THE weather forecast for this weekend’s Repco Bathurst 1000 suggest the 2022 edition will be one of the wettest runnings of ‘The Great Race’ on record.
On Wednesday, the Bureau of Meteorology anticipated rain across all four days of Supercars running at Mount Panorama, culminating in a forecast of 20 to 35 millimetres of rain over the course of Sunday.
If that comes to pass, it would rocket this year’s race to the top of the list of wettest Bathurst 1000s.
No.5 – 1974 Hardie-Ferodo 1000
13.6mm of rain on race day
John Goss and Kevin Bartlett’s upset victory came in a race that was held in largely wet conditions, aided by a set of schmick Goodyear wet tyres generously offered by Allan Moffat for the final stint..
The winning XA Falcon Coupe was the last of the leading contenders standing after a gruelling 163 laps made even more so by the rain.
Jim Richards, partnered by fellow Kiwi Rod Coppins, demonstrated his exceptional wet-weather skills by splashing to third place in his first ‘Great Race’ start, but he’d seen the dangers of the conditions first-hand.
Richards had been in a battle for third that ended when Rod McRae’s Torana aquaplaned off Conrod Straight and folded itself around a tree…
No.4 – 1996 AMP Bathurst 1000
13.8mm of rain on race day
Best remembered for Craig Lowndes and Greg Murphy’s triumph, the 1996 race started in dire conditions.
Rain fell steadily throughout the lead-up on race morning and continued after the lights went green.
The conditions contributed to Mark Larkham’s race-ending crash on Conrod Straight on Lap 4, as well as the multi-car crash in the same place behind the Safety Car one lap later.
The Holden Jackaroo remained out on the track for several laps after the crashed cars were cleared, waiting for the weather to ease and for a large amount of standing water to be cleared.
The rain eventually ceased during the first hour and the bulk of the race was held on a largely dry track.
No.3 – 1972 Hardie-Ferodo 500
14.5mm of rain on race day
Part of the legend of Peter Brock’s first ‘Great Race’ triumph concern the rain that fell during the final 500-mile Bathurst enduro.
As with future mentee Lowndes’ first win, the conditions dried out towards the end of the race, but the ‘King of the Mountain’s path to victory began in the wet early stages.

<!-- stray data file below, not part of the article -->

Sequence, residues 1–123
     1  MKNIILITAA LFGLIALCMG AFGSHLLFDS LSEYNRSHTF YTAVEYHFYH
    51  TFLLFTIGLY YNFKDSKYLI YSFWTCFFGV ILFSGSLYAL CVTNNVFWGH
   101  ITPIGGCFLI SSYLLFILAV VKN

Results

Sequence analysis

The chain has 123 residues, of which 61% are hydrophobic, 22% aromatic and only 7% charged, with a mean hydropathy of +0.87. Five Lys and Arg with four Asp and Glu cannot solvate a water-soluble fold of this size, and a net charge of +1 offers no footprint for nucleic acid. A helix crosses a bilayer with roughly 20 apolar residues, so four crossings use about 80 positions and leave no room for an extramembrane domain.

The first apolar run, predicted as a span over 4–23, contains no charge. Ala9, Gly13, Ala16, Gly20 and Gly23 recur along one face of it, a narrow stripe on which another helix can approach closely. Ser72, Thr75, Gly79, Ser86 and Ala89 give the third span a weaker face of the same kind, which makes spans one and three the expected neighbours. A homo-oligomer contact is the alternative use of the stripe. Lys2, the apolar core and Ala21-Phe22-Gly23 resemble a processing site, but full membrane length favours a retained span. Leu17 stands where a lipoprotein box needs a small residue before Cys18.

Famously, Holden Dealer Team chief Harry Firth put Brock’s car on soft hand-grooved Dunlops for the start of the race while rally star Colin Bond’s was given harder hand-grooved Dunlops on the front and Goodyear wets on the rear.
The move proved pivotal to the outcome: Bond rolled out of the race in the early stages after aquaplaning at Sulman Park, while Brock battled Allan Moffat’s GTHO Falcon for the lead until the big red Ford briefly slid off at the same spot.
No.2 – 1992 Tooheys 1000
16mm of rain on race day
The 1992 edition didn’t start in wet conditions, but it sure ended in them!
Steady rain set in during the early stages, triggering a series of incidents and accidents – eventual winner Mark Skaife even hit the Pace Car during a Safety Car period called when the weather was at its worst.
The weather lifted for a few hours before returning with a vengeance on Lap 144, causing a series of crashes that prompted officials to red-flag the race and end it prematurely.
No.1 – 2000 FAI 1000
20.8mm of rain on race day
The first ‘Great Race’ of the new millennium sets the benchmark for the wettest Bathurst 1000 to date.
Rain fell throughout the lead up, a brief window of blue skies during qualifying representing the only proper dry-track running of the weekend.
The murky conditions combined with a bumper 54-car field and muddy outfield produced a total of 13 Safety Car periods – still a race record.
Rainfall data courtesy of the Bureau of Meteorology.